Brisighella - 10 May 2013 - Ugo Forghieri
There are many reasons why the Via degli Asini constitutes one of the major attractions of Brisighella- it is basically unique in the world, the only other comparable structure being the famous “Rows” in Chester in Great Britain.
Imagine a defensive bastion, with battlements protecting the houses grouped around a chalky mount crowned with a watchtower (the clock tower). This is more or less what you would have seen had you been in Brisighella in the 12th century. It was built by the Manfredi family, the lords of Faenza, as a defence against their numerous enemies which included Venice, the Papal States and other greedy feudal lords…) at the top of the walls there was a patrol walkway where the townsfolk could gather in times of danger. However after the 15th century life became more peaceful and the walkway was covered up and rooms were constructed above. The spaces between the battlements were left open supported by the large arches and still illuminate the road which is on a higher level than the ground level in front of the old walls.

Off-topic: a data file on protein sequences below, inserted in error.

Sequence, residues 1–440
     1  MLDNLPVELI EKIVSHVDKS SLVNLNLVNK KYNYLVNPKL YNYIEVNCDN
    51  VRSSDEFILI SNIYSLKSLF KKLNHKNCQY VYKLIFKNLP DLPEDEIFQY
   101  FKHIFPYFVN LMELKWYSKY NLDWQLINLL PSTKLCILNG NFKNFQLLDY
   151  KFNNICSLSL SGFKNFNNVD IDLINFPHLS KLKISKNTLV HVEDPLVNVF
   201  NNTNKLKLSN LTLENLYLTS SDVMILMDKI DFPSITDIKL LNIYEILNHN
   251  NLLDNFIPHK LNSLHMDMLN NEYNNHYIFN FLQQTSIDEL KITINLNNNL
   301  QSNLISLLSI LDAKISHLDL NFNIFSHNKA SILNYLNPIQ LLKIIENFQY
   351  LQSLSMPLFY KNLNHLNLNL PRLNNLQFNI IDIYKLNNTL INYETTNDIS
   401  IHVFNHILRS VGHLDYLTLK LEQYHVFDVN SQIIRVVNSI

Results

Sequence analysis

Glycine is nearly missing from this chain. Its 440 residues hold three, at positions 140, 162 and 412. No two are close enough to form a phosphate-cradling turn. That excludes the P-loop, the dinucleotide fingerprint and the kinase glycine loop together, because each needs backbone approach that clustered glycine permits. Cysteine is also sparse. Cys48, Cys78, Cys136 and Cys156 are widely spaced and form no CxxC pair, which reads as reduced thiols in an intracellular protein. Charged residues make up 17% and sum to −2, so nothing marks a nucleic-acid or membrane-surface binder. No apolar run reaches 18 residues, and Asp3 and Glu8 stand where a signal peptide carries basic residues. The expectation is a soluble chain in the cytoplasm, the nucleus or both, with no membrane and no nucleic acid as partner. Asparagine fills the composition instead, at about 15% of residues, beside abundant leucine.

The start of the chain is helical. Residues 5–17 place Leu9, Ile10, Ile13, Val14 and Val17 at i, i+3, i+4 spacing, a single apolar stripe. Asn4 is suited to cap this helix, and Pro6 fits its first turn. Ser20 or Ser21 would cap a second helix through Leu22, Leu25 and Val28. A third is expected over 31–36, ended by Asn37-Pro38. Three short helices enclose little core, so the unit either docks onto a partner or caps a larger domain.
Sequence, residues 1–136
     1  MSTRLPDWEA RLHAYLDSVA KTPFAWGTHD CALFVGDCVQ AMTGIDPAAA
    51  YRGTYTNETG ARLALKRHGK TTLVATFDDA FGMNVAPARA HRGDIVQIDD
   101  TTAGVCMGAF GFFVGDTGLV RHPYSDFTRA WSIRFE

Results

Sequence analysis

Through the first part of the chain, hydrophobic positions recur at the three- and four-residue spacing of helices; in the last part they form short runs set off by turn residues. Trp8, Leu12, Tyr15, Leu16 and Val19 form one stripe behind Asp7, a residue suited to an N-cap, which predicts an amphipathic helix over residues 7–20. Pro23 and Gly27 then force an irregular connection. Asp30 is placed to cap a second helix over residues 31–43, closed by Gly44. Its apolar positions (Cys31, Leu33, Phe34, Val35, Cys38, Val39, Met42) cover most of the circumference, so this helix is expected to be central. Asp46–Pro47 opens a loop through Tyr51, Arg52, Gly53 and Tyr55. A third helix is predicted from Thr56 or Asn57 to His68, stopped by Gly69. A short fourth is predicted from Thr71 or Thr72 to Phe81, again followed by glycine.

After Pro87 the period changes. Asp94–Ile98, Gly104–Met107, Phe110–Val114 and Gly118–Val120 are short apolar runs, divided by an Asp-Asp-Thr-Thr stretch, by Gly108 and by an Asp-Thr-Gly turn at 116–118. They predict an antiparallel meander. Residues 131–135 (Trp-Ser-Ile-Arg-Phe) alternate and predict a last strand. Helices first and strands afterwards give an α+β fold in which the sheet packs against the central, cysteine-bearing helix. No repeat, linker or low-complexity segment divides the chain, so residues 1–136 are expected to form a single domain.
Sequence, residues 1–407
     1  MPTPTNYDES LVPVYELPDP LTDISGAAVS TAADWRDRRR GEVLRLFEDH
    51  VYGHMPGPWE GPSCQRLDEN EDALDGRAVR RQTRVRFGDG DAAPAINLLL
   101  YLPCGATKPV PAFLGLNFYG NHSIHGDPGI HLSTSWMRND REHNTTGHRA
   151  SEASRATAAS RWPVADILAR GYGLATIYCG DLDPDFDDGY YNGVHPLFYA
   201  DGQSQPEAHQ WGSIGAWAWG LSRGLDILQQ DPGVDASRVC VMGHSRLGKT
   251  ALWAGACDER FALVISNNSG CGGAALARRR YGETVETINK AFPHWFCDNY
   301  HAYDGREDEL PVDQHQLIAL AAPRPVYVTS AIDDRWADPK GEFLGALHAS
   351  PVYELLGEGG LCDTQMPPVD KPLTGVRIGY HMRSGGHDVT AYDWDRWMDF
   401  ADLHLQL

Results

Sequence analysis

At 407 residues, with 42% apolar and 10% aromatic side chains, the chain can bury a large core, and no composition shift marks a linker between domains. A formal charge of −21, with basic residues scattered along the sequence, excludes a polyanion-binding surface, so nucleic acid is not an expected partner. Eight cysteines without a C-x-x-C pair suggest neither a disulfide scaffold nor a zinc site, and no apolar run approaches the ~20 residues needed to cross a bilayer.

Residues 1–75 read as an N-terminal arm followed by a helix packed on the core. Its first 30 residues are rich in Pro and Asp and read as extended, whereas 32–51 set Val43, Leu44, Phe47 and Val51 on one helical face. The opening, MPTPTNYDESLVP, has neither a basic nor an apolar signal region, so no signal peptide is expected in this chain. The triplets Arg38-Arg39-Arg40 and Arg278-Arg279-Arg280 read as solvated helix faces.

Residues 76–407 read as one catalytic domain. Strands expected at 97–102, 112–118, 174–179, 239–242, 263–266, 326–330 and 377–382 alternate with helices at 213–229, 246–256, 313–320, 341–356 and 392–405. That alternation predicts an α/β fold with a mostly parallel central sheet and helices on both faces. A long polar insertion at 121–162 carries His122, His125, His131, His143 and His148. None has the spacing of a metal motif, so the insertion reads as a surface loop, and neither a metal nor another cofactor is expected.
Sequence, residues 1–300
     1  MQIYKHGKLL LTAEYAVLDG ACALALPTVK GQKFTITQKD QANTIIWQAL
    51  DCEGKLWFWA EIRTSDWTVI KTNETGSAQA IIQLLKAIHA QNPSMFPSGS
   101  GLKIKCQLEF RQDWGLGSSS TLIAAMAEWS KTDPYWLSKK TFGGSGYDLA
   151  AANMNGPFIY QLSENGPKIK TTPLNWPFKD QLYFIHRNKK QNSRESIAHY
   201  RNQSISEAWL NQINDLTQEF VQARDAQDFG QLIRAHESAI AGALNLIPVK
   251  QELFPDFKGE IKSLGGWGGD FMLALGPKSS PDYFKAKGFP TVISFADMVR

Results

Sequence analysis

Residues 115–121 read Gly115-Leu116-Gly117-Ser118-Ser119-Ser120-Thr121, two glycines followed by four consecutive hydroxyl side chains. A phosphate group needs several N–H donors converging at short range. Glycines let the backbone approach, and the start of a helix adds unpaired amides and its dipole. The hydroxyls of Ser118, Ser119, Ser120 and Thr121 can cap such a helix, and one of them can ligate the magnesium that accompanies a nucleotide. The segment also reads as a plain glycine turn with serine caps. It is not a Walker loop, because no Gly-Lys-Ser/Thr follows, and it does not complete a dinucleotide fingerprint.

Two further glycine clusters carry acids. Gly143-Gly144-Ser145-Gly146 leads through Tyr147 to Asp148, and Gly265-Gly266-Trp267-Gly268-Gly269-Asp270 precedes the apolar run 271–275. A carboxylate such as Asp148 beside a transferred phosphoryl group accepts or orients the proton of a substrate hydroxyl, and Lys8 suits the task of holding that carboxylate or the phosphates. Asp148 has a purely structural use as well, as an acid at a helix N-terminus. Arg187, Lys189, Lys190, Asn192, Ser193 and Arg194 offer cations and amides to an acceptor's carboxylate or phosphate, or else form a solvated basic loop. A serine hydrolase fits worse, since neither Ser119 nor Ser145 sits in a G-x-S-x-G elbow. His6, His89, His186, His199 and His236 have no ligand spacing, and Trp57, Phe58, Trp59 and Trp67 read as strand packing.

These rooms became part of the town and were inhabited by the carters who transported chalk from the quarries above the town using donkeys and that is how the road got its name “Via deli Asini”- which means the “road of the donkeys”. In fact the stables for the donkeys were located in front of the arches and the body heat given off by the animals warmed the living quarters on the upper floors through openings in the floor. A highly efficient use of energy that can only make us reflect in these times of waste. The carts were housed in large spaces carved out of the chalk which opened up onto the square below.
Hidetoshi Nagasawa, an internationally famous Japanese artist, was walking down Via degli Asini early one morning at sunrise. He noticed the archways of the road were illuminated by shafts of light in a fascinating sequence of colours. He took his paints and brushes and immortalised the light of the sunrise on the arches with shafts of golden paint. Nagasawa also created the suggestive “hortus conclusus” in stone in via Spada entitled “the garden of Ebe”.